Ride-booking companies are flourishing across the world and the ASEAN region is no exception. Uber and Rocket Internet are all fighting to gain a solid footing in the region but neither have been able to replicate the success of Malaysian startup GrabTaxi. The startup recently joined the small handful of “unicorn” companies of Asia, with an estimated valuation of $1 billon. It is no surprise that it is “South East Asia’s leading ride-hailing platform”.
In 2011, founder Anthony Tan places second in the Harvard Business School Competition. Riding off this success, he creates MyTeksi (the original name) the following year in Kuala Lumpur launching in June 2012.
Initially, Tan had to approach taxi companies door-by-door to on-board them. From there it only took one year for the app to reach 10,000 bookings daily and one more to expand to 6 neighbouring countries. Now, Grab operates in 55 cities with 350,000 registered drivers and 11 million passengers to date.
Honestbee’s vision is to become “the world’s most convenient services marketplace”. It currently markets itself as “Asia’s leading online concierge and delivery service” focusing on fresh food and groceries. Within its first year of operations, they raised US$15 million in seed round funding led by Formation 8. This has allowed them to grow rapidly, now covering 8 major cities in South East Asia. Honestbee is partnered with 112 stores and has provided jobs
“Asia’s leading online concierge and delivery service”
focusing on fresh food and groceries. Within its first year of operations, they raised US$15 million in seed round funding led by Formation 8. This has allowed them to grow rapidly, now covering 8 major cities in South East Asia. Honestbee is partnered with 112 stores and has provided jobs over 2300 drivers – ‘shopper bees’.
Now, Honestbee aims to maximise the ‘convenience is king’ mantra by entering the food delivery arm. This positions them to compete head-to-head with ‘well-established’ startups like foodpanda and Grain. The point of difference for Honestbee is that it holds no inventory, meaning that the “shopper bees” need to scour local supermarkets to source their products. This marks the beginning of Honestbee’s shift towards a logistics-focused business.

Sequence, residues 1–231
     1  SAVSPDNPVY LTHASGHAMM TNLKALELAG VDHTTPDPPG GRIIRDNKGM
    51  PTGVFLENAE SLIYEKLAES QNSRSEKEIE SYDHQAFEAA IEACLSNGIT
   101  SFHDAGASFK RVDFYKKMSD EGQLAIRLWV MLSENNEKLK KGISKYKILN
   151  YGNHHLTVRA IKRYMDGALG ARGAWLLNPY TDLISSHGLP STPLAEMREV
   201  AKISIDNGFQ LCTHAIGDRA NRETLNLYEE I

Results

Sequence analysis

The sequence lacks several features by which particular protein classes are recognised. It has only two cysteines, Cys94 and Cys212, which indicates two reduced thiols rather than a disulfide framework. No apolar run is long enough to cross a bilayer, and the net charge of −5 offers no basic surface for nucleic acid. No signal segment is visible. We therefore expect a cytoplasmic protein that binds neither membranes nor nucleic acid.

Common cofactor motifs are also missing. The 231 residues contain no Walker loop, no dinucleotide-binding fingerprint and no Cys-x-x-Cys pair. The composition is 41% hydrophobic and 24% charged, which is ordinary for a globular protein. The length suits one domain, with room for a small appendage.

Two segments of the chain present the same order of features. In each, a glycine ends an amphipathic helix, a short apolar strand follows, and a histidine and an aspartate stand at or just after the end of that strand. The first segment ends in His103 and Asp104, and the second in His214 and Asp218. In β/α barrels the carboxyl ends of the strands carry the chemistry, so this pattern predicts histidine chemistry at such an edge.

Malaysia’s propensity for shopping is enormous and startups including Carousell are fuelling this popularity. The peer to peer mobile marketplace allows consumers to buy or sell their products. Their simple “Snap to Sell. Chat to Buy” business model simplifies the customer’s shopping journey and is undoubtedly an attribute to their success.
Alexey Samkov, head of projects at Deliveroo, notes that Carousell is effectively “activating idle consumer inventory, unlocking new household wealth and addressing the huge problem of waste that plagues our consumption-driven economy”.
There are over 70 new listings made every minute amounting to a staggering 57 million products listed to date. Carousell has since secured multiple investment rounds from well-known VCs such as Rakuten, Golden Gate Ventures, 500 Startups and Sequoia India. Most recently, in August 2016, they raised US$35 million for their series B funding round. With its latest expansion to Australia, Carousell now operates in seven countries in the ASEAN region including the e-commerce hubs Malaysia and Indonesia.
Catcha Group is an international internet company with a portfolio that includes many well-known public and privately listed companies. They are one of the largest investors in the digital sector, most notably in the emerging markets of ASEAN countries. Catcha’s corporate strategy comes down to three core components.
First, they do not consider themselves as a traditional investment group pioneering a new form of business that they refer to as “venture equity”. As CEO Patrick Grove states,
“Not only do we start companies, we also invest in them and we drive them…We call it venture equity”.
Second, they look at what works in Western countries and adapts them to fit the markets of Eastern countries. Grove comments
“We like to bet on ideas where the concept is already proven…Our only risk is executing risk…we don’t like to bet on idea risk”.
Last, Catcha grows through acquisition rather than creation to stay ahead of the curve. In an interview with BRW Grove states,
“In an industry that moves so fast, the way to get market share fast is to acquire rather than start from scratch”
The three notable portfolio companies within the Catcha Group are iCarAsia, iProperty and iflix.
iCarAsia is the region’s “largest and leading network of automotive sites” with many brands under its name. These include One2car.com, Autospin.com and Thaicar.com in Thailand, Mobil123.com in Indonesia and Carlist.my and LiveLifeDrive.com in Malaysia. As a result, the iCarAsia network reaches 7.6 million car buyers and enthusiasts across the region every month. With this success, iCarAsia listed on the Australian Stock Exchange (ASX) in 2012.
Similar to iCarAsia, iProperty is an “online network of real estate sites, events and experiences”. It was one of the earlier companies to IPO, listing on the ASX in 2007 and achieved the coveted “unicorn” status in 2013, that is, it achieved the MYR1 billion milestone in market capitalisation. The following year, it was aded to the S&P/ASX300.
The Netflix craze that has swept across Western countries has also arrived in Asia in the form of iflix. This subscription-based video-on-demand concept has enjoyed the same popularity in Eastern countries with over 5 million subscribers as of May 2017. There are 19 countries currently using iflix – mainly in South East Asia and Middle Eastern countries.